Hello Hemlock,

It doesn't look like Will is at his desk...So I will give my best 2...


Originally Posted By: HemlockFrame
If I follow the design on page 141 with the longer top plate, will I be able to lift the beam by myself? I'm trying to design this so I can manage the pieces.


Your ability to lift a frame or frame members is solely dependant on your rigging skills and equipment. I have lifted solo multiple tons several stories into the air, but this is dangerous and critical skill sets.

Be very clear on your goals, the equipment's capabilities, and above all...take your time and pay attention to details...

This is not a topic even for several pages of postings on a forum...Seek help directly from a master rigger if you are not confident of these prerequisite skills sets to solo timber frame facilitation and raising.


Originally Posted By: HemlockFrame
There is a sawmill 40 minutes from my place so the wood will be actual dimensions but I expect I will have to square them up losing some dimension.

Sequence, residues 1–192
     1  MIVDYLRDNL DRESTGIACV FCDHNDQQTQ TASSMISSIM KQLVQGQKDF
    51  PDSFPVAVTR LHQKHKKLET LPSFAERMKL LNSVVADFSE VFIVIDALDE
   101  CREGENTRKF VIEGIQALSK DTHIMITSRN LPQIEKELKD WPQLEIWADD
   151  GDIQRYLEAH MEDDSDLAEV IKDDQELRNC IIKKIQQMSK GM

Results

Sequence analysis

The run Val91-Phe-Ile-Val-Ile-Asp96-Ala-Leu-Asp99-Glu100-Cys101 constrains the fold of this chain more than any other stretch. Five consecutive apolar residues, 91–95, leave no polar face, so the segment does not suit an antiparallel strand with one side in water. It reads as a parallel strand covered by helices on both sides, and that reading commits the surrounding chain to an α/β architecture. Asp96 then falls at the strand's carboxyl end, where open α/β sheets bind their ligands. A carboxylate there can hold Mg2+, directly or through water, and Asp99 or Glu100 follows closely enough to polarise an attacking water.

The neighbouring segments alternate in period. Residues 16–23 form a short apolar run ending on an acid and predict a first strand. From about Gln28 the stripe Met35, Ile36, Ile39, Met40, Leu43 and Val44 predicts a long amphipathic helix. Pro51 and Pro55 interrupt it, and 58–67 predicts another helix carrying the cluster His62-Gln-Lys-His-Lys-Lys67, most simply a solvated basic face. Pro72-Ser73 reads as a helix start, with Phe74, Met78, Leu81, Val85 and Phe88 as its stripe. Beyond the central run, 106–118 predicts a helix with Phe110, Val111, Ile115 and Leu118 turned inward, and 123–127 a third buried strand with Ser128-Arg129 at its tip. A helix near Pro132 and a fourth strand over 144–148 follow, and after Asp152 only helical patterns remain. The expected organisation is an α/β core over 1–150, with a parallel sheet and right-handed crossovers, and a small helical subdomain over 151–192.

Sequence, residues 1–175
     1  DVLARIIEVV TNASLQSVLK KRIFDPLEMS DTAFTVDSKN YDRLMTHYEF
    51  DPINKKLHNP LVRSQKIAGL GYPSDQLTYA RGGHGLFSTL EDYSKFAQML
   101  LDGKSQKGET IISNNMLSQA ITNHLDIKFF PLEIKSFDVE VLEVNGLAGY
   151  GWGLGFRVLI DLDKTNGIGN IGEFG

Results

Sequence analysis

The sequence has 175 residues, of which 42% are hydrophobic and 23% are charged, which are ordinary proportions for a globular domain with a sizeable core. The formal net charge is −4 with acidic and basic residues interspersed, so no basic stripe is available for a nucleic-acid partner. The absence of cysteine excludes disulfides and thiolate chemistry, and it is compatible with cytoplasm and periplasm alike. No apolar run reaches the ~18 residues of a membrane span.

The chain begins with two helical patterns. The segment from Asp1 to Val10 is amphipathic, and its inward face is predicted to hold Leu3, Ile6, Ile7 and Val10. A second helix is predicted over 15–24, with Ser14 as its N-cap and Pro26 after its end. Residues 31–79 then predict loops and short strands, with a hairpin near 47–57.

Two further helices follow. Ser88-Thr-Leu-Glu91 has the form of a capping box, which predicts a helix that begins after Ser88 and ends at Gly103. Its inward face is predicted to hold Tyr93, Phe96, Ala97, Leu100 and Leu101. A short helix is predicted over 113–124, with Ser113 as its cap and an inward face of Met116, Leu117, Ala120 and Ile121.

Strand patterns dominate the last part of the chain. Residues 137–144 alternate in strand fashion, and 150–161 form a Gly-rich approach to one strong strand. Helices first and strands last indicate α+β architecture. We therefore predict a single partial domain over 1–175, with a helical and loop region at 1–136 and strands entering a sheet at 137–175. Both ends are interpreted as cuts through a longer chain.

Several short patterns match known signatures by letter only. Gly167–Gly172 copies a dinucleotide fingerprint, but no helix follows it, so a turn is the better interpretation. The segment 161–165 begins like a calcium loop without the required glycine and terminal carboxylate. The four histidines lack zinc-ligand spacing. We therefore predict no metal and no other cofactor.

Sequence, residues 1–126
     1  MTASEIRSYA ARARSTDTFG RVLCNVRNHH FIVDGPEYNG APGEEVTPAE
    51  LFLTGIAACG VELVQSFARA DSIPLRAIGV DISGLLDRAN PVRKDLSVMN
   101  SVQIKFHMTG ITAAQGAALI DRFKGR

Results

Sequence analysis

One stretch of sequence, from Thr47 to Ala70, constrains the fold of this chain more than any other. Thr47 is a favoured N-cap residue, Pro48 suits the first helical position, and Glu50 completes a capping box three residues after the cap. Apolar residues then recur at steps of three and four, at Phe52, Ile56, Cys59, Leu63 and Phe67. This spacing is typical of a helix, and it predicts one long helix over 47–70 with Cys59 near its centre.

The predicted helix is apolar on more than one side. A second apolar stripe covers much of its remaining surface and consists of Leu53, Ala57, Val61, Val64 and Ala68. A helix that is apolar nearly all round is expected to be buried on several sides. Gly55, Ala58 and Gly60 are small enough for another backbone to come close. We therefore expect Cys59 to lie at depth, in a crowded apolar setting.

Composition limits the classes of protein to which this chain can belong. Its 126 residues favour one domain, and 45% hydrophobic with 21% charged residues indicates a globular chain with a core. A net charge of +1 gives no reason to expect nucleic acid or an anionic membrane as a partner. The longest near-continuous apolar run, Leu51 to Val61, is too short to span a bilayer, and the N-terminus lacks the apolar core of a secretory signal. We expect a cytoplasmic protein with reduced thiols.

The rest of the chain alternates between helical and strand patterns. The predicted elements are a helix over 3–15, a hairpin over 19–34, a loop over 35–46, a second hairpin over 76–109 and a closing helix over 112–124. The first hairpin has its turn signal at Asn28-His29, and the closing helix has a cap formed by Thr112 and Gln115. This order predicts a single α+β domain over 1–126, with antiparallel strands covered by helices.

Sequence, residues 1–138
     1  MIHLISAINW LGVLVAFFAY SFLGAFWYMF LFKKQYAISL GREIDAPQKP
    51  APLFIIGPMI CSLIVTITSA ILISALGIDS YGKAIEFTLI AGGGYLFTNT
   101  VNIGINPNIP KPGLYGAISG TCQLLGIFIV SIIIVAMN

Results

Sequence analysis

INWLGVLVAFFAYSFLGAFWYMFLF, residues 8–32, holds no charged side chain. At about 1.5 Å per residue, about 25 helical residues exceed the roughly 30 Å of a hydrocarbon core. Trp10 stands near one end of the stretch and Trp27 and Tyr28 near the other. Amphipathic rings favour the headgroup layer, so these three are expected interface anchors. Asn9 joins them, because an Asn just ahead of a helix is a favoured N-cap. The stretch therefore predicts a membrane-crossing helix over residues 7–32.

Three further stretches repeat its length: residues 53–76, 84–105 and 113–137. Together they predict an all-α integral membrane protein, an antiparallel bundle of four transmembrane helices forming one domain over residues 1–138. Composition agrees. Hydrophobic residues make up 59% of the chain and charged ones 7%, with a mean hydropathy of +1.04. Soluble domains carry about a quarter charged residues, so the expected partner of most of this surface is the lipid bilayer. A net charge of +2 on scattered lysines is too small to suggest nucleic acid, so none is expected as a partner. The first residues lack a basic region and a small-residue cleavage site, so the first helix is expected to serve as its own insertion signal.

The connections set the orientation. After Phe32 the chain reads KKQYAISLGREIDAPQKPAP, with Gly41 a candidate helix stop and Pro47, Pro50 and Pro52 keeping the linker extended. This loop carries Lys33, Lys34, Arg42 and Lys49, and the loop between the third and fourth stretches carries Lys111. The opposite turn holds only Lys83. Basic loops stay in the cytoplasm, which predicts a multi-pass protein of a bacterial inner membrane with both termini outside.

No dimension need be lost unless you wish for some other reason of need and/or aesthetic...

Will brilliantly outlined his layout modalities within the reference tome. So whether using his illustrated systems or a mix of line, scribe and/or edge/mill rule systems of layout, the timber could be round and tapered, live edge, or out of square and your joinery still fit perfectly. This is about approach methodology and skill set within a layout system...and how effectively you implement design, layout, and execution of the joinery...


Originally Posted By: HemlockFrame
So to get enough wood in my joints, then I should use the 8x8 post and beams to ensure I have a safe building?


Yes...I believe that would be most prudent for your first frame...

Good luck, and don't hesitate to ask more questions...

Regards,

j